Jeffrey Wheeler and Sawyer Nordell wanted no part of the easier path.
A couple of months after helping Golden West High School capture the first Central Section boys water polo championship in school history, a 7-5 victory over rival Redwood in the 2014 Division II final, the seniors-to-be went to coach Rick Nordell with a request.
They wanted the team to move up a division to take on Buchanan, Clovis, Clovis North and Clovis West, the powers of Clovis Unified that have had a 20-year stranglehold on the section’s top boys water polo division.
“I felt there was this mentality that Clovis, Buchanan, all those teams were untouchable,” Wheeler said. “That got to me.”
It got to the younger Nordell, too.
“My personality is always to go for the challenge,” said Nordell, whose father has coached the Trailblazers for 21 seasons. “We wanted to see if we could play with the Clovis people. Could we get top four? Top two? I thought we could.”
So instead of attempting a repeat during their second season of a three-year cycle in Division II under the section’s competitive equity-driven divisional alignment, the Trailblazers petitioned for a promotion.
1992 The last time a non-Clovis Unified school won the Central Section Division I boys water polo championship.
Golden West got it, and on Saturday will become the first non-Clovis Unified school to play in the D-I boys final since 1994 when the fourth-seeded Trailblazers (21-8) face defending champion and second-seeded Clovis (20-7) at 1 p.m. in the conclusion of a doubleheader at the Jim Coiner Aquatics Complex. It will follow the top-seeded Cougars (28-5) hosting No. 2 and defending champ Clovis West (24-6) for the girls D-I title at 10 a.m.
Hanford was the last non-Clovis Unified school to reach the boys final, losing 24-18 against Clovis West. Hoover was the last school other than Buchanan, Clovis or Clovis West to win a title, beating Clovis West 14-13 in 1992, back when all teams played under a single playoff division.
“I remember when it was all one division and I loved it, when it was the top 16 teams and it meant something to get there,” said Rick Nordell, who was an assistant at Hanford in 1994. “When (Wheeler and Sawyer Nordell) said they wanted to go up, I was like ‘Let’s do it.’ ”
The Trailblazers reached the final with a dramatic 9-7 upset of top-seeded and seven-time section champion Buchanan in the semifinals Wednesday. In the quarterfinals, they earned an 8-7 victory over No. 5 and reigning D-I runner-up Clovis North.
Our goal was to make it to the final, and if we got there, then we’ll re-adjust our goals. Now we have to re-adjust.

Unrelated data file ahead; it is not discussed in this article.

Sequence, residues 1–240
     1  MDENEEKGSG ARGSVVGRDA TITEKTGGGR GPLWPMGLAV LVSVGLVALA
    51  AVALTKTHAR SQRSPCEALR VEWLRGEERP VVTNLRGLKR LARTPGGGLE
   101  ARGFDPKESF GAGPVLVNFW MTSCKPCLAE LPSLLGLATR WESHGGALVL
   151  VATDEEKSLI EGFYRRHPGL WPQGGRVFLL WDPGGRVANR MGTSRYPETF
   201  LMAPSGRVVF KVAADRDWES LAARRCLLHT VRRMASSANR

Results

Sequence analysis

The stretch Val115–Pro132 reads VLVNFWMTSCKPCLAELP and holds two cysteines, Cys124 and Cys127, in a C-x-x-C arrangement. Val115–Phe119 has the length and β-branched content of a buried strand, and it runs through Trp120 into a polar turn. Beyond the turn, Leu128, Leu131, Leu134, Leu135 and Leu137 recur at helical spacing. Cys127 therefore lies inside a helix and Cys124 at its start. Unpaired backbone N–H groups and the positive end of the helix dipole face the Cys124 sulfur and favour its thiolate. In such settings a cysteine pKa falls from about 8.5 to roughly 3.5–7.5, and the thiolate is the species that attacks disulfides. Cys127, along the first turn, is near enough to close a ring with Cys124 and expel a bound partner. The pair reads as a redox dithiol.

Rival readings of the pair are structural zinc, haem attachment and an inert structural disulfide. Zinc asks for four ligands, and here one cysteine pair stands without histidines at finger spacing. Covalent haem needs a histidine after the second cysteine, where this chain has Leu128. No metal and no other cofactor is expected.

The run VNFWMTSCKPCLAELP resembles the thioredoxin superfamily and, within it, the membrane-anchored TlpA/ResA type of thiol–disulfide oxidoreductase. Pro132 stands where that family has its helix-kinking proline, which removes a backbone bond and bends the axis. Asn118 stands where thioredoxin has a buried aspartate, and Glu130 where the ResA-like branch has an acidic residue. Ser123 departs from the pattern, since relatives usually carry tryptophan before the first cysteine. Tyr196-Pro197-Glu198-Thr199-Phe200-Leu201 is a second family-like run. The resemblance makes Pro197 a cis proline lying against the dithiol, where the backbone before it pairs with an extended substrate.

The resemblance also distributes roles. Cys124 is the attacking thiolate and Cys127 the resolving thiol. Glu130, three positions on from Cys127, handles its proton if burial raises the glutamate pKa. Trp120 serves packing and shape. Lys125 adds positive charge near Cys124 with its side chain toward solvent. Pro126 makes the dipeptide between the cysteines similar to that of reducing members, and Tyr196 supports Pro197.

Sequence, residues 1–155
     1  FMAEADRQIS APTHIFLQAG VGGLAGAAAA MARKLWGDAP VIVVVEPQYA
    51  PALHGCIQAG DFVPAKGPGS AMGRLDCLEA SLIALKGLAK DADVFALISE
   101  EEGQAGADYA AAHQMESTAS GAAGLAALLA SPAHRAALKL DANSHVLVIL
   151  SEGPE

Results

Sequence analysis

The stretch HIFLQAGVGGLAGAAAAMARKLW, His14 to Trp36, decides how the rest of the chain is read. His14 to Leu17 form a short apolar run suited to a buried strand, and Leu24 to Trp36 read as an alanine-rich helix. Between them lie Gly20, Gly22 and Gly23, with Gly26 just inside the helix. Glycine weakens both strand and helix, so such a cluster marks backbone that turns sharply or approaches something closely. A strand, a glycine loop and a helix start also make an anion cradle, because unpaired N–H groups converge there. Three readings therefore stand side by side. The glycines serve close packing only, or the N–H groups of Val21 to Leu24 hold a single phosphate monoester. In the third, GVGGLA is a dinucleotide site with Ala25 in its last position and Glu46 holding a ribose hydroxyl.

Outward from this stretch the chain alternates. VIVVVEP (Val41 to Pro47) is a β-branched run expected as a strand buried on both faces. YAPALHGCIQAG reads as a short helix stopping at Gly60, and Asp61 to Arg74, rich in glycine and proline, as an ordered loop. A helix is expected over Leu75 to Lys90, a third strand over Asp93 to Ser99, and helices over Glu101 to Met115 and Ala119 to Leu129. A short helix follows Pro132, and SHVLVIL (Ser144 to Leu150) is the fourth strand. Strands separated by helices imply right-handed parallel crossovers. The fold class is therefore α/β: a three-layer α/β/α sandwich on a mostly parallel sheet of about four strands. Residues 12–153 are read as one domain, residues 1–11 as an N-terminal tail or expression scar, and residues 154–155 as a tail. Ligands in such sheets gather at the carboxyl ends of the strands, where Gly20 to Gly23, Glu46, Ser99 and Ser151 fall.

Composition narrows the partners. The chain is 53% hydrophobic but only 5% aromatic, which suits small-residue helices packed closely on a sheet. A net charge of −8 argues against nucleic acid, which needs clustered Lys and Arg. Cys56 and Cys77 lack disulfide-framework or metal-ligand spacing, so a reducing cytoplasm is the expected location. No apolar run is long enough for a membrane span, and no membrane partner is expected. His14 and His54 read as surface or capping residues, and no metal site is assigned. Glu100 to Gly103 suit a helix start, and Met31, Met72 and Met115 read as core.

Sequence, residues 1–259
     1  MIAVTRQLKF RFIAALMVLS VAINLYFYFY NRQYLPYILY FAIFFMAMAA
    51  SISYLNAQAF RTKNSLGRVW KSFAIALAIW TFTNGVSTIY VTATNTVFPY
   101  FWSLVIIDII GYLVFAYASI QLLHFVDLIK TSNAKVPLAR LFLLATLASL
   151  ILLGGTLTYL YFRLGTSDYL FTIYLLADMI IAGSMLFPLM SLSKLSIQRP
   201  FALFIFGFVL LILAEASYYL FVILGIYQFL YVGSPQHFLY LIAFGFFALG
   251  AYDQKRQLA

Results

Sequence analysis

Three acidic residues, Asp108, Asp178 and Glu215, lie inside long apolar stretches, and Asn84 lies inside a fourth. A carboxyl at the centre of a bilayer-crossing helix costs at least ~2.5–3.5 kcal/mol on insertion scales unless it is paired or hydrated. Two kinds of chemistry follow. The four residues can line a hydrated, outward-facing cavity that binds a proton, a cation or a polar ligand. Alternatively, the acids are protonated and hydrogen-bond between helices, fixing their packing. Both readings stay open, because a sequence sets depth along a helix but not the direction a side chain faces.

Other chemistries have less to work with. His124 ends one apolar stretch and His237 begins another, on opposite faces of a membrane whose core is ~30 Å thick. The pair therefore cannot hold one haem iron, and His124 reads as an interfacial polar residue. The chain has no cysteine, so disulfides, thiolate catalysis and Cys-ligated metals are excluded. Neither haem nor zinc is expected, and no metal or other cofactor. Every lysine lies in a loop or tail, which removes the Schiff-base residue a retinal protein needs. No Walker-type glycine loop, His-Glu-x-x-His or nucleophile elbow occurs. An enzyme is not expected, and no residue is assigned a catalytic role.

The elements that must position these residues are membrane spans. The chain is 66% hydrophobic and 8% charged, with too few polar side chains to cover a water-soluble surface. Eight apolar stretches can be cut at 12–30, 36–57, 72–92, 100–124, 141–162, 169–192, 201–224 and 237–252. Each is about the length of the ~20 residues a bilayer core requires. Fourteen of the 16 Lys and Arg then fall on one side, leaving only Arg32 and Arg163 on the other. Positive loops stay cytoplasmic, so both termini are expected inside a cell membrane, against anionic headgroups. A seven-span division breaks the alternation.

Golden West boys water polo coach Rick Nordell
Golden West fell behind 4-0 in the first five minutes against Buchanan, and the deficit created doubt about whether the program had made the right move in asking for a promotion.
“I was thinking, ‘Man, is this how it’s going to end?’ ” said Wheeler, a dual citizen of the United States and Ecuador who played for the Ecuadorian national team in last summer’s PanAmerican Games. “I didn’t want it to be a blowout, so we started chipping away.”
The Trailblazers cut the deficit to 7-6 heading to the fourth period and got the tying goal from Wheeler with 5:24 left. Sophomore Jens Niederreiter scored the go-ahead goal with 2:59 remaining, allowing Golden West the chance to become the first section D-I champion from Visalia since Mt. Whitney beat Clovis West 9-8 for the title in 1989.
“That was the biggest win we’ve ever had,” Rick Nordell said. “You measure the level of your team against the Clovis schools; can you compete with them? And now we have.”
Golden West figured to be a contender for the D-II title again this season, had it remained there, with the return of four starters in Wheeler, Nordell, Brad Dennis and goalkeeper Hayden Niederreiter.
16-4Golden West’s record since Jack Felsted became eligible Oct. 5 following a transfer from Mt. Whitney
The Trailblazers also brought up sophomores Bret Dennis, Jens Niederreiter and Brandon Green, and further solidified their lineup with the addition of Jack Felsted, a former Mt. Whitney standout who was ineligible until Oct. 5 under a section-imposed sanction for a senior-season transfer. Golden West has gone 16-4 since Felsted, the West Yosemite League’s MVP, joined the lineup.
Figuring he had the talent to compete with the section’s elite, Rick Nordell prepared Golden West for the D-I postseason by upgrading its schedule. The Trailblazers entered the Clovis Championships for the first time, going 1-3 with blowout losses to Clovis (18-6) and Buchanan (12-5) without Felsted.
Golden West withdrew from its own co-hosted tournament in Visalia in favor of the more challenging Arroyo Grande Tournament and the DeLong Invitational, where it beat Clovis North 11-10 in overtime before eventually losing to Granite Bay (9-8) in the final.
It was a battle-testing process that has given the Trailblazers an opportunity to end Clovis Unified’s streak.
“It’s like a dynasty Clovis has built for themselves,” Wheeler said. “It would mean a lot to us to knock that off. We want to show the Valley that if you work hard, you can play at that level, too.”
Central Section Water Polo Championships
No. 4 Golden West (21-8) at No. 2 Clovis (20-7), 1 p.m.
No. 3 Porterville (17-5) vs. No. 1 Redwood (18-7), noon at Golden West
No. 2 Edison (27-3) at No. 1 Garces (24-3), noon
No. 2 Clovis West (24-6) at No. 1 Clovis (28-5), 10 a.m.
No. 4 Golden West (19-12) vs. No. 2 Hanford (25-5), 11 a.m. at Lemoore
No. 2 Sierra Pacific (18-6) at No. 1 Selma (21-7), 11 a.m.